Xerox Cracks Color Code

NEW YORK A campaign from Y&R for Xerox advises people to print things in color as often as they do in black and white.

One spot, which broke on network TV on Sunday, depicts office workers on a conference call with their supervisor who is looking at a report printed in color. After the voice on the phone compliments the printing job, one of the workers puts the phone on mute and begins making snarky comments about the boss. Turns out the mute button doesn’t work. The spot ends with the Web address,, displayed.

The site, which launched on Friday, attempts to keep people involved by offering pleasant diversions such as the “acronymanator,” which converts phrases into acronyms, and a downloadable goat, suitable for taking the blame when things go wrong.

“The idea behind the strategy was to promote the notion that printing in color is not nearly as expensive as people think it is,” said Gary Goldsmith, CCO, Y&R North America. “That led us to People like seeing an exaggeration of what companies will do to cut costs.”

Print ads, which are running in national business magazines, emphasize different aspects of Xerox color. “Each form of media is designed to do a different job. TV is meant to hammer home the idea of affordable color. Online is meant to engage people and develop characters and tell a product story,” said Goldsmith. “Print is designed to be very simply about frugal color and making the copy points.”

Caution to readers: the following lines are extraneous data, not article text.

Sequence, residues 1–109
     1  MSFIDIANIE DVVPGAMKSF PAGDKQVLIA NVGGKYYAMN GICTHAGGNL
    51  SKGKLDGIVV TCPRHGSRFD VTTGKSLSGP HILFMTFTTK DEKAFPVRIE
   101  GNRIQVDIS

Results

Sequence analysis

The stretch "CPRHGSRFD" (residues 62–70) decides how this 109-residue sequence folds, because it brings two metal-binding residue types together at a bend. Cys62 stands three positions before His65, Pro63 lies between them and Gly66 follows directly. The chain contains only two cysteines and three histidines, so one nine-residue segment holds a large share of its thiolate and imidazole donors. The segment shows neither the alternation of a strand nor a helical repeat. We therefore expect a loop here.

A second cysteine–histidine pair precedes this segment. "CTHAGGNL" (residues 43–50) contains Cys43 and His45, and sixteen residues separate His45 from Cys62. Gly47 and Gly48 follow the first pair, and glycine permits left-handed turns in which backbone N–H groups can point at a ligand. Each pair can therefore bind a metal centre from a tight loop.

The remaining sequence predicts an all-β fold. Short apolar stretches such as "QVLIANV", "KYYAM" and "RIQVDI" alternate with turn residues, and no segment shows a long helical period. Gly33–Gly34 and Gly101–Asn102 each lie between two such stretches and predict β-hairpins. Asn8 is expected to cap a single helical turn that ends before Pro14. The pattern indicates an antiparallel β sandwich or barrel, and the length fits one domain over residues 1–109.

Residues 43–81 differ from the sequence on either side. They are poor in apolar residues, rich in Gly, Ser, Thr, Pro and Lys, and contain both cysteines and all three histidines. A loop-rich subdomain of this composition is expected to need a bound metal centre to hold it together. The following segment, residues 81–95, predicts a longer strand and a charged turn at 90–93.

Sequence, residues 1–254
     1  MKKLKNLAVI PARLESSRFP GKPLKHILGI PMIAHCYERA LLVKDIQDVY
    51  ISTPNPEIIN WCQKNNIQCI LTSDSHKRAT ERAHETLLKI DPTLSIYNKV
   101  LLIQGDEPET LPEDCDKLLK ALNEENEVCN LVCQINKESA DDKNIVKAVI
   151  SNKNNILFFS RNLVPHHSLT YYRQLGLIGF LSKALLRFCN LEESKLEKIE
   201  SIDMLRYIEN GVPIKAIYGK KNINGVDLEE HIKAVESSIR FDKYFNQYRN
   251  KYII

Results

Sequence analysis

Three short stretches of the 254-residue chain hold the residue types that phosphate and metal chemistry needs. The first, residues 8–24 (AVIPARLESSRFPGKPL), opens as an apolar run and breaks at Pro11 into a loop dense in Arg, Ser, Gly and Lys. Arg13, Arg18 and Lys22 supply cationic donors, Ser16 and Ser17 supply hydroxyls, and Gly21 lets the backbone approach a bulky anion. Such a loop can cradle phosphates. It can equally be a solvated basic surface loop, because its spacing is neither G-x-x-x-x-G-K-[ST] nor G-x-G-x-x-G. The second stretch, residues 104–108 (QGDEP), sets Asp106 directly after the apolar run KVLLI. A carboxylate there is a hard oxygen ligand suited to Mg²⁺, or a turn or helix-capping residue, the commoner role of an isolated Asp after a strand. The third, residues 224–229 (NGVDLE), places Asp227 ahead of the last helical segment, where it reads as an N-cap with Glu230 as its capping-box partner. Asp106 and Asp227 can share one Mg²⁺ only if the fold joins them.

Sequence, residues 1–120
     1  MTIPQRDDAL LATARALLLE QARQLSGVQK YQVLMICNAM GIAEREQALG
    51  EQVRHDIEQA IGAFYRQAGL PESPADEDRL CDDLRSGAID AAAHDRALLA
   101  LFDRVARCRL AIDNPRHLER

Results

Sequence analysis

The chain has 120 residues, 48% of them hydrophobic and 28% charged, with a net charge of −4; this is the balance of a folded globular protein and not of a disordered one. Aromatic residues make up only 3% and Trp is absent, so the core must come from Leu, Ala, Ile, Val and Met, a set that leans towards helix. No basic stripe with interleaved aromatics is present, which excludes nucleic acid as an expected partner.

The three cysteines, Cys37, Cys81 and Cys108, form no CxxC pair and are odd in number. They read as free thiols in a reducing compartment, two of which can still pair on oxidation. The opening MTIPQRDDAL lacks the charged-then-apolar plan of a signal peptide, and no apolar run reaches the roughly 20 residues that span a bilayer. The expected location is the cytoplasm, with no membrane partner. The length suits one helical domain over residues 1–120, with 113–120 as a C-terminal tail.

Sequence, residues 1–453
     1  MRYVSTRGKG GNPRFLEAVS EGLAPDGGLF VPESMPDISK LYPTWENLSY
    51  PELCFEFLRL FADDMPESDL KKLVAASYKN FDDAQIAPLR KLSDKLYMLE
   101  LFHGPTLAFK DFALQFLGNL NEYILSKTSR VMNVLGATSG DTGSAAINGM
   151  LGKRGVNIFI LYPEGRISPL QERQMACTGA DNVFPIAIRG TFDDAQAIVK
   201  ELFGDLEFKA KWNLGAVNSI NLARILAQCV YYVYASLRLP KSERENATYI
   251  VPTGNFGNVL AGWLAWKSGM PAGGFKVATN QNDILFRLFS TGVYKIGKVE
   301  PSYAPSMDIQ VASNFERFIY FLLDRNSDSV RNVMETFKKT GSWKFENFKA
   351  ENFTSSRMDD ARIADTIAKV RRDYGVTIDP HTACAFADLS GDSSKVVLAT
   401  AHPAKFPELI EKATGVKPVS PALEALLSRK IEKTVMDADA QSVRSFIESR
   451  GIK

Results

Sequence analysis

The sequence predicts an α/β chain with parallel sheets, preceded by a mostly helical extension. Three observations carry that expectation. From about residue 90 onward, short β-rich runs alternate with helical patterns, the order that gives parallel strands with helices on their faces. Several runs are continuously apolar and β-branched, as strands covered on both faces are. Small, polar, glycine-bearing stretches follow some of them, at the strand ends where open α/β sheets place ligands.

For Xerox, the goal of the campaign is fourfold. “One, Xerox has a network printer that costs $300. Two, color costs pennies a page and people don’t realize that. Three, we can provide color-control software so they can manage the costs of color printing. Four, the total satisfaction guarantee that Xerox has,” said Barbara Basney, director of global advertising at Xerox.